Today's lesson looks to the life and person of Christ. A prophecy then extends to the future gathering of God's people to Israel.
Isaiah Chapter 11
Lessons from the text
"My Kingdom is not of this world"
When standing before Pontius Pilate, Jesus said that His kingdom is not of this world. If it were, His people would fight for His release.
Where, then, is Jesus' kingdom?
As we saw in chapter 9, Jesus is the Prince of Peace. As the Son of God, He is the Prince of Heaven. One day, however, Jesus' kingdom will literally come to earth. In Revelation 11:15, an angel proclaims during the Tribulation Period that the "kingdoms of this world are become the kingdoms of our Lord, and of his Christ; and he shall reign for ever and ever."
The future God describes is terrible. Rivers will be dried up, mountains will be turned into valleys, and many, many people will die in the wars and natural disasters that mark the coming of Christ. But hallelujah, this world will become Jesus' kingdom.
Right now, I do not have access to the literal kingdom of God. That's in heaven. But what a day when this earth becomes the kingdom.
I am not suggesting that the world will get better and better until the day Jesus can come back because we all love and worship Him. This earth will NEVER be heaven. In fact, because of the sin and a broken Creation, all things will be made new (Rev 21:1-2). Then, and only then, will this world be perfect.
What, then, is coming to earth?
Righteousness. Faithfulness. Justice. Equity.
Jesus gives a description of a place where enemies can lie down together, when children can play without any worry of harm. Don't we all long for that perfect society? Don't we all cry out for justice?
God is letting us know that one day, it will be here. Not just inside the heart of believers but also in all the earth (v9). He is showing us the end result to all His labor. He is giving us hope for a bright future.
Continue reading for in-depth commentary or comment
below to let us know what you got out of today's Scripture.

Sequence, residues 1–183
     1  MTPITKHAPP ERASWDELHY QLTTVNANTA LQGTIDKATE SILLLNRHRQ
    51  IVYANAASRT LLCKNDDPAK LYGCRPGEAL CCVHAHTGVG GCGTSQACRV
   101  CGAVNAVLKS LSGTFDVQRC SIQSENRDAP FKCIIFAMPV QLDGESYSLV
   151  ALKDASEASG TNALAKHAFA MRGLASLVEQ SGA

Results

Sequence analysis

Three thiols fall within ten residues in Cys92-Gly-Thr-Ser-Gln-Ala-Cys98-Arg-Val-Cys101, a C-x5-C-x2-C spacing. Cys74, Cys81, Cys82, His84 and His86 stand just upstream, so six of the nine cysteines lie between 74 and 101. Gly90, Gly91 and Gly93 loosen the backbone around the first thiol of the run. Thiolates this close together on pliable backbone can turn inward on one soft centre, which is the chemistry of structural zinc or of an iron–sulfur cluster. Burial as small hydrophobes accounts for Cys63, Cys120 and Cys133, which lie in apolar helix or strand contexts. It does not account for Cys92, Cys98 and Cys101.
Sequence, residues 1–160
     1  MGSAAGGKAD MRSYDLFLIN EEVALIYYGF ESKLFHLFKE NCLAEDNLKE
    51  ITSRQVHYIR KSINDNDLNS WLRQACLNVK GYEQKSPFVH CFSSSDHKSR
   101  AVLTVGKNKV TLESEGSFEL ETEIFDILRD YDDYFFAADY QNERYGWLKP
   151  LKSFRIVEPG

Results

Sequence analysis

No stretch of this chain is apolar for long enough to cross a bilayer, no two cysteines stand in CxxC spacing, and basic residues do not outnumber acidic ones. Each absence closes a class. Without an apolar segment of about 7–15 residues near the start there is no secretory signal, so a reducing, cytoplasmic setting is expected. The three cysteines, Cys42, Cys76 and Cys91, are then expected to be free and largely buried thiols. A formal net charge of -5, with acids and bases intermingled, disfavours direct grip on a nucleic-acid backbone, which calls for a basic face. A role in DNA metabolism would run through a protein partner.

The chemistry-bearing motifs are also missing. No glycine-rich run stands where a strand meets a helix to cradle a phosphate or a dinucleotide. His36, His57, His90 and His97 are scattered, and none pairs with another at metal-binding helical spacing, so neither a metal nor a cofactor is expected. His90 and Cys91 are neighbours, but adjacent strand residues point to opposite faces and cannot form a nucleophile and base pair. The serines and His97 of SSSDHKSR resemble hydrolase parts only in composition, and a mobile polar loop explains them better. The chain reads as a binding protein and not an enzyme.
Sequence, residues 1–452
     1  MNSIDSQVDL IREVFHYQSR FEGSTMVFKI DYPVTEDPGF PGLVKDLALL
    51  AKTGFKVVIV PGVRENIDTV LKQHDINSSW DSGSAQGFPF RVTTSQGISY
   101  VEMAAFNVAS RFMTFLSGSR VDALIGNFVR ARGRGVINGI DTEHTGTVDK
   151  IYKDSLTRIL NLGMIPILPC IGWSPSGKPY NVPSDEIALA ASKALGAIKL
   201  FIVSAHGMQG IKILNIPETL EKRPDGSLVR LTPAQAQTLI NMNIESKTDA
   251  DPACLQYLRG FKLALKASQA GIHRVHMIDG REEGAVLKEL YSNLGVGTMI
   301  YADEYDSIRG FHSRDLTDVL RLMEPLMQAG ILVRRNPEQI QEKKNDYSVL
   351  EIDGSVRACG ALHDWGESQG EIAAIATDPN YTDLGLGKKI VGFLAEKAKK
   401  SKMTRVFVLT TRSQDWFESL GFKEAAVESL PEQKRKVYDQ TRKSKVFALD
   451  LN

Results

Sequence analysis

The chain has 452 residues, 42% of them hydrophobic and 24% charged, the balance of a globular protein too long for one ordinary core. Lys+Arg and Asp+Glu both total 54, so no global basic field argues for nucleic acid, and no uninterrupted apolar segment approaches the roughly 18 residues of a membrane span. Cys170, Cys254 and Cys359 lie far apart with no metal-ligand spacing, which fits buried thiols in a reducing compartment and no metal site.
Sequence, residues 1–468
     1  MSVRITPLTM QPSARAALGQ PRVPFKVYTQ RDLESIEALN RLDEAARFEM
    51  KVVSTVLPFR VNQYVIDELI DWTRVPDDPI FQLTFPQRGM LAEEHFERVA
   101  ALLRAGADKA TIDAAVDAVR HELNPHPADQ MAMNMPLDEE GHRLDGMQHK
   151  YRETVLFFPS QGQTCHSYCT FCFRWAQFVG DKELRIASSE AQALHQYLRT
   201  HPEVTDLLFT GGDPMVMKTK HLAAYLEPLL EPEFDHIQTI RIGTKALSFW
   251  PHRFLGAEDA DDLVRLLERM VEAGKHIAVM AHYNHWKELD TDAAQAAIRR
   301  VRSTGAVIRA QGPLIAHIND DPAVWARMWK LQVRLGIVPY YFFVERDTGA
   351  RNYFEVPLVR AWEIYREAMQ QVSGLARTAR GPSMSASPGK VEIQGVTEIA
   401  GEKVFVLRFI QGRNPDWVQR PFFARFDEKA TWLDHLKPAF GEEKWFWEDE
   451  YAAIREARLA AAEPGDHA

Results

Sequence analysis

Verse by Verse Commentary
1-5 Here we have a description of Christ. We learn that He:
6-8 These verses cover the results of Christ's actions and personage. Noteworthy is that those who were enemies will now be at peace (the wolf and the lamb) and that the innocent shall lead them. No more harm will come to the children of God from the snake (Satan), which is fulfilled through deliverance from death and hell through faith in Jesus Christ.
9 God promises that one day all the earth will know God. This will be fulfilled in the Millennial Reign when Jesus physically rules and teaches the earth from Jerusalem. (See chapter 4 study for details on the Millennial Reign.)
10 God now expands the promise from Israel to include the Gentiles, which is everybody who is not a Jew. Even though I am not a Jew, in Jesus I can have a glorious rest.
11-14 God promises to draw all the Jews that have been scattered among the nations back to their Promised Land. At that time, there will no longer be a division between the Northern and Southern Kingdoms; all Jews will be united as one people.
Arguably, this may have been fulfilled with the establishment of Israel in 1948. However, not all the Jews have returned. Therefore, this may refer to the Millennial Reign when all of God's people will live in Israel and no countries will be able to fight against them.
15 In that day the Nile River and its seven branches will dry up. This supports the interpretation that the prophecy of the previous verses refers to a future time.
16 God will repeat His works of the past, opening a way for those who choose to come out Egypt's bondage into the Promise Land. Egypt represents the world while the Promise Land represents life with God. Just as we are, spiritually speaking, in the Promise Land through the indwelling of the Holy Ghost, one day the Redeemed will have the chance to literally be in the presence of God in Israel.
Please comment below to tell us what you learned from today's lesson.